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On the eve of her 13th birthday, Hazel Mull-Dare is precocious and feisty, but her sheltered background in London as the daughter of a business man ‘in Sugar’, has left her ignorant of much of what is happening in the world, and in particular of the impact of the suffragette movement. Her innocence is shaken by the sight of a suffragette trampled by a horse at the races, a friendship with an older and much more worldly school companion, and the impact of her father’s failing business interests, all of which make her question what is happening around her. Her mother is Ivy, the protagonist of Hearn’s last novel, who has ‘married up’, but who is more concerned with her rescued dogs than with her daughter, and who, following a family crisis, sends Hazel off to her paternal grandparents on their sugar plantation in the Caribbean. Here Hazel is confronted with more matters she does not fully understand, but which she determines to unravel.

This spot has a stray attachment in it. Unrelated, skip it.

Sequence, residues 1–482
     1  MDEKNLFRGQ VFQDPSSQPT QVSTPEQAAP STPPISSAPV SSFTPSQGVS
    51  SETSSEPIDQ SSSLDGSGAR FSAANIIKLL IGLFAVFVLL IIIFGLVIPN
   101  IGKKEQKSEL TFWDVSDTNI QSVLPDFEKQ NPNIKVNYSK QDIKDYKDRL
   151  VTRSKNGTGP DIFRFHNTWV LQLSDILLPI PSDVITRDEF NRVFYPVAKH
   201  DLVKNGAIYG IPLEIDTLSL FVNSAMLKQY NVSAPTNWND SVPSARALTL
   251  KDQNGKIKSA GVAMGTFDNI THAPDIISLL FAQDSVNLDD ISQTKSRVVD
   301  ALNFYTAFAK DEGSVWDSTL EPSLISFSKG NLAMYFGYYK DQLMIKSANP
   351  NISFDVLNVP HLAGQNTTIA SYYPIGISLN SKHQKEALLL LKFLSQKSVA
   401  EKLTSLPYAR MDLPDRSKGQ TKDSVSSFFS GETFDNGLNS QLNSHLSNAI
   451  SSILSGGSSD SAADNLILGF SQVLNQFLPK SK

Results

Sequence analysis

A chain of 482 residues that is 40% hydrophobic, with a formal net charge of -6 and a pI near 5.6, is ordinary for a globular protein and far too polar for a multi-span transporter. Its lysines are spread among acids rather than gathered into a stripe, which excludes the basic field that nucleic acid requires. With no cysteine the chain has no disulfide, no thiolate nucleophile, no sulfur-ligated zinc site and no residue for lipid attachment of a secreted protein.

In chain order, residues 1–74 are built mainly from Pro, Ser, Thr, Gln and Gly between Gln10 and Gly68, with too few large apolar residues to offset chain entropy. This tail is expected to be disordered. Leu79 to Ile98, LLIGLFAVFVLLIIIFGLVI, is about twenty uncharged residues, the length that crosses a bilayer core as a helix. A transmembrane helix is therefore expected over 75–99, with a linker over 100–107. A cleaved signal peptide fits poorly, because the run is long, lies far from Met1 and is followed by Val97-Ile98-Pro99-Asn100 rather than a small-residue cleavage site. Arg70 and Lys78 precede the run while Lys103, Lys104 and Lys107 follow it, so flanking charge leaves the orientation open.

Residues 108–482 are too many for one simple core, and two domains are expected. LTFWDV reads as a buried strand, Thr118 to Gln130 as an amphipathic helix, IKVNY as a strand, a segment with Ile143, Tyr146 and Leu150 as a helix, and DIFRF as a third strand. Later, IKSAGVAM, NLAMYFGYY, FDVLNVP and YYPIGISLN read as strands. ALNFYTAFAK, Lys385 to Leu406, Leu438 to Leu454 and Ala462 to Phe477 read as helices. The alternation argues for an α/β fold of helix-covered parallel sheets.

Hazel is an entertaining, fast-moving novel with plenty of incident and a heroine who will engage the sympathies of readers, but the more perspicacious among them will have to be willing to suspend their disbelief at some incidents that just don’t ring true. Nevertheless, young readers will be confronted with many of the issues of the early 20th century: universal suffrage, class-structure, the aftermath of slavery, racism are all components of a book that does not present them in a heavy manner, and which for that reason, may make them accessible to a wider audience than would a more serious presentation.